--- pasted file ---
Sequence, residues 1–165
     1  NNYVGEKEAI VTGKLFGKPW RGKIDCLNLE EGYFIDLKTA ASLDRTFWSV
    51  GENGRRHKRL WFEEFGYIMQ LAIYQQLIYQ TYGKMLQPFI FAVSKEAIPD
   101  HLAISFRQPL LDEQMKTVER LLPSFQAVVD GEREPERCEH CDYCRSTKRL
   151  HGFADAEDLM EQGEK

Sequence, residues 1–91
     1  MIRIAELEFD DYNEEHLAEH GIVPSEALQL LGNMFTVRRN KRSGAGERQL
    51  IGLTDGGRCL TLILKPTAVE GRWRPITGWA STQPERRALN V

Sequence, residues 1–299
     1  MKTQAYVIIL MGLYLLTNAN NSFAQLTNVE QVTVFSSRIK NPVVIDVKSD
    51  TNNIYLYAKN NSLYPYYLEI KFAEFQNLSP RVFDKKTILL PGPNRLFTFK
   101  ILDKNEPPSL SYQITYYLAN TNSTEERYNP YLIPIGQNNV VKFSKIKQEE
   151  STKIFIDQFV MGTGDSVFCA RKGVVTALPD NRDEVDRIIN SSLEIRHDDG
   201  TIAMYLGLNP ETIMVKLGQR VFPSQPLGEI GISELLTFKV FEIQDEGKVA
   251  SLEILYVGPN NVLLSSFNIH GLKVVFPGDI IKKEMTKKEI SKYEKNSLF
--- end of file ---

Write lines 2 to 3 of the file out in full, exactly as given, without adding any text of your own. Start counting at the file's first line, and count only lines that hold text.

     1  NNYVGEKEAI VTGKLFGKPW RGKIDCLNLE EGYFIDLKTA ASLDRTFWSV
    51  GENGRRHKRL WFEEFGYIMQ LAIYQQLIYQ TYGKMLQPFI FAVSKEAIPD